MILWAUKEE – On a clear August day in 2011, NASA launched a cube perched atop an Atlas V rocket that unfurled into a probe the size of a basketball court, complete with three whirling solar arrays.
That probe, named Juno in honor of the Roman god Jupiter’s wife, embarked on the first mission to map the mysterious inner workings of the largest planet in our solar system. The extraordinary five-year journey involved a push through the inner solar system, a slingshot around the sun, a flyby of Earth and ultimately a capture by Jupiter’s gravity.
When Juno fires its main engines July 4, the journey will end as it slips into orbit above Jupiter. But the mission to explore what lies beneath the swirling clouds of gas will have just begun.
Excitement about the mission has been building in the scientific community – NASA’s website already has a countdown – and is just now spreading to the general public. The Independence Day firing is critical; a reverse thrust generated during the burn will essentially slam on the brakes so that the probe can skim over Jupiter and into a stable orbit. NASA expects to receive confirmation of the start of Juno’s engine burn at 11:18 p.m. EDT and should know whether it worked by 11:53 p.m.
With its enormous magnetic field, Jupiter creates one of the brightest auroras ever observed despite being composed mostly of ammonia, hydrogen and helium. In some respects, Jupiter and its dozens of circling moons functions as almost a miniature solar system. Some astronomers even consider Jupiter a failed star.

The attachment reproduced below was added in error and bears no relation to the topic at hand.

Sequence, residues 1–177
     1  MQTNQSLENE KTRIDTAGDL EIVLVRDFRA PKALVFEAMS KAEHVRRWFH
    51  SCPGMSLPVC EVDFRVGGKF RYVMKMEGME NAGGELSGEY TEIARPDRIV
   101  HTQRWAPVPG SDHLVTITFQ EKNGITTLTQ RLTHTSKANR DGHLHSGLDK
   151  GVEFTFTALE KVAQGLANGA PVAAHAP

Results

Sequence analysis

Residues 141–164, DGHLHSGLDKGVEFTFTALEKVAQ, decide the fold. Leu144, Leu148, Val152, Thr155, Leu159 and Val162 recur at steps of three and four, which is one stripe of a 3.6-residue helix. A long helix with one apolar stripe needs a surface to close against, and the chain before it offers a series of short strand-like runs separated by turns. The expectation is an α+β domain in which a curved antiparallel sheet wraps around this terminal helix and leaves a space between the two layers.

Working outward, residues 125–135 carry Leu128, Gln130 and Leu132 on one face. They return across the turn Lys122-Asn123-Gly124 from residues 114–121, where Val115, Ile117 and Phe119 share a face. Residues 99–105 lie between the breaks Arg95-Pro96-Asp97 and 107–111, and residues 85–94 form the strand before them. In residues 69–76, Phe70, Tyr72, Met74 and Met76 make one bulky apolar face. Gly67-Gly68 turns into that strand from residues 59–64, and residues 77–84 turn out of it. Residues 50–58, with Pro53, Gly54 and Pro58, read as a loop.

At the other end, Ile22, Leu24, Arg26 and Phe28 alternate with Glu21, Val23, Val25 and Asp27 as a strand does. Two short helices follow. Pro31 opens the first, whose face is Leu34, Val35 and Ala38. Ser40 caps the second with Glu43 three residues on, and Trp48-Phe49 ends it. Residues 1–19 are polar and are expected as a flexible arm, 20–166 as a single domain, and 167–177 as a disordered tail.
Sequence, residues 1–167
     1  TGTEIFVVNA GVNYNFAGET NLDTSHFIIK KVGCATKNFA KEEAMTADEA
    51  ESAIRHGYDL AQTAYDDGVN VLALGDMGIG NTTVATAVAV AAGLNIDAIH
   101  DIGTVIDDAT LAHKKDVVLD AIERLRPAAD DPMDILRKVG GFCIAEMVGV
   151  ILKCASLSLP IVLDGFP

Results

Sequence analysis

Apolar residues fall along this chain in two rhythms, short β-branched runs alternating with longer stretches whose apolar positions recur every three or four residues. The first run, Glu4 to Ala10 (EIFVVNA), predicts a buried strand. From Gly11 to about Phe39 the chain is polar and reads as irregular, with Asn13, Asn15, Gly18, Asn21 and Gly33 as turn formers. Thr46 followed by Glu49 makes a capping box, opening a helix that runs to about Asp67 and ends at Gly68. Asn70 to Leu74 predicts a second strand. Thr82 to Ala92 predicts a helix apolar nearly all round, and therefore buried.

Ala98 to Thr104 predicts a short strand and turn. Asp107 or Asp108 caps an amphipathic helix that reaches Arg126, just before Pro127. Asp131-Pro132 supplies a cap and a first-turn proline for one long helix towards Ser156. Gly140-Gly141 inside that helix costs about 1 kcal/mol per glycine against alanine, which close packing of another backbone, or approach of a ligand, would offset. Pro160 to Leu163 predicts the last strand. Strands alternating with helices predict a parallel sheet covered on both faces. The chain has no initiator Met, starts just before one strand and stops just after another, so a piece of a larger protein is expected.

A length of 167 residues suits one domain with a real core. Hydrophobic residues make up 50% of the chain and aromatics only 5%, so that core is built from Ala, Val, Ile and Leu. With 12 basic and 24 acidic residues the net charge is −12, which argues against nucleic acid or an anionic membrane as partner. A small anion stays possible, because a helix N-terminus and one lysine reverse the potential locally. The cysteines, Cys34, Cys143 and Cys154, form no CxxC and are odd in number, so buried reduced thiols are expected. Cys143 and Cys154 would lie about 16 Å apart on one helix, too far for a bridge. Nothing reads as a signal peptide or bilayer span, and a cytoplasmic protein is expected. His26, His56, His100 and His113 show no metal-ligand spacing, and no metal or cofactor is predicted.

Juno will be the first spacecraft to complete its orbits over Jupiter’s poles. Here it will escape the brunt of the planet’s intense radiation and provide the first data from the uncharted regions from which the magnetic field emanates.
“Juno will go where no spacecraft has gone before – deep into the harshest radiation environment in the solar system outside the sun,” Rick Nybakken, Juno Project Manager from NASA’s Jet Propulsion Laboratory, explained during a recent news conference.
In an effort to prolong Juno’s survival, NASA housed the probe’s sensitive equipment in a 1½-inch-thick titanium vault that cuts the radiation exposure by 800-fold.
Scott Bolton, Juno’s principal investigator, described the incredible efforts to ensure mission success. “Jupiter is the most extreme planet we have, and we are going right next to it. It’s got to do the extreme.”
Incredibly high pressures and temperatures within Jupiter make the elements inside do some physically weird things. Specifically, scientists think the brutal conditions inside Jupiter force hydrogen into a fluid state, called “metallic hydrogen,” which is capable of conducting electricity.
By studying the charged particles and gravitational pull in the upper atmosphere, NASA will be able to determine whether metallic hydrogen is responsible for Jupiter’s powerful magnetic field. It should also reveal how deep the planet’s characteristic orange and white bands extend and if a solid core might be hidden at the center.
Moreover, scientists expect data from Juno to answer key questions about planetary formation and the origins of our solar system. Because Jupiter has a large mass, it has absorbed countless impacts from asteroids and comets unscathed and has retained the most intact material since the birth of the sun.
Each orbit will take 11 days, with Juno tracking different paths across Jupiter with its instruments and camera, JunoCam. Because Jupiter will also be rotating on its own axis, the entire planet will be surveyed inside and out by the end of the 37 planned orbits.